(9) that, as S had raised the substance of her complaint about discrimination in her appeal to the insurance court, it could not be objected that she had not exhausted domestic remedies;

(10) that there was no attempt to probe the validity of the assumption that women give up work when they give birth to a child and this was the sole basis for the insurance court's reasoning;

(11) (8-1) that this assumption introduced a difference of treatment based on the ground of sex only without any reasonable and objective justification and was a violation of Art 14 taken together with Art 6(1);

(12) that the finding of a violation was sufficient just satisfaction for any non-pecuniary damage suffered;

(13) (8-1) that the application of Art 50 to S's claim for the loss of the benefit of a full pension should be reserved as the victim of a violation of the ECHR could now apply to reopen proceedings in Switzerland; and

(14) that S should be awarded CHF7,500 in respect of costs and expenses before the ECHR institutions.


[Adapted from INTERIGHTS summary, with permission]

"67. In this instance, the Federal Insurance Court adopted in its entirety the Appeals Board’s assumption that women gave up work when they gave birth to a child. It did not attempt to probe the validity of that assumption itself by weighing arguments to the contrary.

As worded in the Federal Court’s judgment, the assumption cannot be regarded - as asserted by the Government - as an incidental remark, clumsily drafted but of negligible effect. On the contrary, it constitutes the sole basis for the reasoning, thus being decisive, and introduces a difference of treatment based on the ground of sex only.

The advancement of the equality of the sexes is today a major goal in the member States of the Council of Europe and very weighty reasons would have to be put forward before such a difference of treatment could be regarded as compatible with the Convention (see, mutatis mutandis, the Abdulaziz, Cabales and Balkandali v. the United Kingdom judgment of 28 May 1985, Series A no. 77, p. 38, para. 78). The Court discerns no such reason in the instant case. It therefore concludes that for want of any reasonable and objective justification, there has been a breach of Article 14 taken together with Article 6 para. 1 (art. 14+6-1)."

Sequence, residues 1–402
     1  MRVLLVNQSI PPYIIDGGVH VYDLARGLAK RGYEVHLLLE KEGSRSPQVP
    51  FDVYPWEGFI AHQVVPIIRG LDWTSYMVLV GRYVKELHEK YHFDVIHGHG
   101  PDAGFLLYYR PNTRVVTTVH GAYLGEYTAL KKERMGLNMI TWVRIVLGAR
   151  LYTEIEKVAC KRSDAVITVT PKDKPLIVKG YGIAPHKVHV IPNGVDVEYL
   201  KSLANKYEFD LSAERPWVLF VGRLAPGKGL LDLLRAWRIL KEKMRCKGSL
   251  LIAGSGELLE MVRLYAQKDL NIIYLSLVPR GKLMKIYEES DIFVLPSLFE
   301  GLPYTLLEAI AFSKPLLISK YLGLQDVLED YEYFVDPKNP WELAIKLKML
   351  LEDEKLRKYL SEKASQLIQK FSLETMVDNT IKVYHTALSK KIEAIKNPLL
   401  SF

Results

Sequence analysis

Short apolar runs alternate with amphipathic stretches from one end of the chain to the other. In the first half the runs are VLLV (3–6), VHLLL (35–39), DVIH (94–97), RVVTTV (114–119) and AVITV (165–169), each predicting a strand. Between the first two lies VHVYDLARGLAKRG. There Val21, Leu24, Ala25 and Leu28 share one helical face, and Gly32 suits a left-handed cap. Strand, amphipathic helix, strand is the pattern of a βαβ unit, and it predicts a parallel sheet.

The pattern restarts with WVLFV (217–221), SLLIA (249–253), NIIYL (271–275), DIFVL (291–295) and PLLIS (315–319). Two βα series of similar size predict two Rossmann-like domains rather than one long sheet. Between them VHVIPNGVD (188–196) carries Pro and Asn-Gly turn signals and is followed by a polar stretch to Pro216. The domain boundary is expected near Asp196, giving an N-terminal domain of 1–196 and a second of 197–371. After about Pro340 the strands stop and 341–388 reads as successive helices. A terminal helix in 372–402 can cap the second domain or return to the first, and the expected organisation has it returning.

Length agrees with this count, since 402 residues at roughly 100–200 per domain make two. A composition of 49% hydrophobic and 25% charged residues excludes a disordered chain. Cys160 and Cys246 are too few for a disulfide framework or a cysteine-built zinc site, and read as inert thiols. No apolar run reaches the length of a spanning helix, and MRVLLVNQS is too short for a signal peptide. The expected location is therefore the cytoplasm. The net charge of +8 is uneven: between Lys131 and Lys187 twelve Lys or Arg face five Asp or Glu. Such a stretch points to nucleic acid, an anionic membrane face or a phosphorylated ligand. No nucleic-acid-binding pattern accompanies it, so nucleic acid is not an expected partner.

INTERIGHTS Comment: This decision makes it clear that approaches to the weighing of evidence by the courts which involve differential treatment can fall within the ECHR's prohibition of discrimination when taken with Art 6, even though a decision-maker or a legislator acting in the same way could not be held to be held to have acted unacceptably. The line between these is clearly fine and Judge Golcuklu dissented seeing the complaint as solely a matter of substance. In holding Art 6 applicable to the dispute the Court was mindful that the outcome affected her means of subsistence and followed its view that even welfare assistance is covered by this provision (see Salesi v Italy, Ser A No257-E, (1995) 9 Interights Bulletin 52). It also followed its case law that defects at a lower instance can be cured on appeal (see Edwards v United Kingdom, Ser A No 247-B, (1994) 8 Interights Bulletin 36) in its response to the non-disclosure of the file. Judge Walsh, however, pointed out that this was not entirely the case as the board was not in a position to disclose certain documents not in the file. The rejection of the need for an oral hearing in the insurance court was solely on the basis that the circumstances did not warrant one in the absence of S's own request but it was clearly mindful that a requirement to hold one could have a disastrous effect on the processing of social security cases. Judge Walsh did not consider that S had agreed not to have a hearing and that an issue of public importance should not be a condition precedent to the operation of Art 6(1).